Re: OSD && DFSG - different purposes
Russell Nelson <email@example.com> writes:
> Thomas Bushnell, BSG writes:
> > You are ignoring the *substance* of DFSG and focusing on its literal
> > wording.
> You have no argument why the literal meaning differs from the
> substance of #3. You can't, because it doesn't. Go read the
> rationale for #3.
The *substance* of #3 is to preserve the right to make changes such as
suit the *changer*.
Under your interpretation, I could have a license which prohibits "any
change of the software which would allow it to play Beethoven"!
> > but the restriction that it adds for the other group (a
> > requirement of public publication) is one that we have *never*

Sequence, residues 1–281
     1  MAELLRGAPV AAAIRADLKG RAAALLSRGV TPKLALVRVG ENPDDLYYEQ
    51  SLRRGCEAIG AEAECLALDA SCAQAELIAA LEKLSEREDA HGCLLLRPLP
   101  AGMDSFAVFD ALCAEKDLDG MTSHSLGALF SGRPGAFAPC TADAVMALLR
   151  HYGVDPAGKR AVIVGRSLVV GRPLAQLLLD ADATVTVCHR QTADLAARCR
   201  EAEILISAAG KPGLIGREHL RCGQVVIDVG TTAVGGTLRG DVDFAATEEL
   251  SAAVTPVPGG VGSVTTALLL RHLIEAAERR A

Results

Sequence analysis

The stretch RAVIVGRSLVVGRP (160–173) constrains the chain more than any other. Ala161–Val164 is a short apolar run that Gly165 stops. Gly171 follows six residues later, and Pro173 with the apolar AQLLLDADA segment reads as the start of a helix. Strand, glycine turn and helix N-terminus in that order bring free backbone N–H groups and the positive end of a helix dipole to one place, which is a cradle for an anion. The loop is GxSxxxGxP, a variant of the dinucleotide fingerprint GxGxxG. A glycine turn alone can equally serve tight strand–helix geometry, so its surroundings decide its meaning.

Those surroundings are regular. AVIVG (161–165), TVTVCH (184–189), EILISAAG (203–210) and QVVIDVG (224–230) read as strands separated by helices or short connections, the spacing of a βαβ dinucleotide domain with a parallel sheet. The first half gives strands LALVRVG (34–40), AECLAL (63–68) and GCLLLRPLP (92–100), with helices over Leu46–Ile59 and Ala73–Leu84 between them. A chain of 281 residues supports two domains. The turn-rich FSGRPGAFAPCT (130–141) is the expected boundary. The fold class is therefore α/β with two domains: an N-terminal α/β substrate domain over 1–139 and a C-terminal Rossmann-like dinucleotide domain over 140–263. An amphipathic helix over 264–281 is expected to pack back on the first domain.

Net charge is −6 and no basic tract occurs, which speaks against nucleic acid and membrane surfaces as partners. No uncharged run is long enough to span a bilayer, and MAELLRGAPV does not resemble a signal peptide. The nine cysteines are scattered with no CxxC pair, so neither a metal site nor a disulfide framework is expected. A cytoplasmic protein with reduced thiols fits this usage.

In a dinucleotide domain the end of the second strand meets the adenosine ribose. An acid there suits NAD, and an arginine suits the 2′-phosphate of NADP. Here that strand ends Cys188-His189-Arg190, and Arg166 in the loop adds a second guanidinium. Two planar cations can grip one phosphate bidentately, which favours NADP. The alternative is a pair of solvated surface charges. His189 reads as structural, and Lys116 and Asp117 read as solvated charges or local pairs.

> > recognized as DFSG-free.
> I know, and you can't point to anything in the DFSG that prohibits
> it. You just *know* it to be true, as an article of faith. So why
> point to the DFSG? Why say DFSG-free when what you really mean --
> what the real test is -- is debian-legal-free.
Because debian-legal-free is a particular reading of the DFSG. It is,
indeed, the authoritative(*) reading of the DFSG, and we are not
insensitive to the point behind the DFSG. We are declaring, in fact,
what the DFSG means. It's rather like what a court does when
interpreting a statute or a constitution.
(*): With the proviso that debian-legal is not the last word within
Debian; the FTP masters, the Project Leader, and the developers at
large have considerable authority too. Debian-legal has authority in
that those other groups rely on our advice.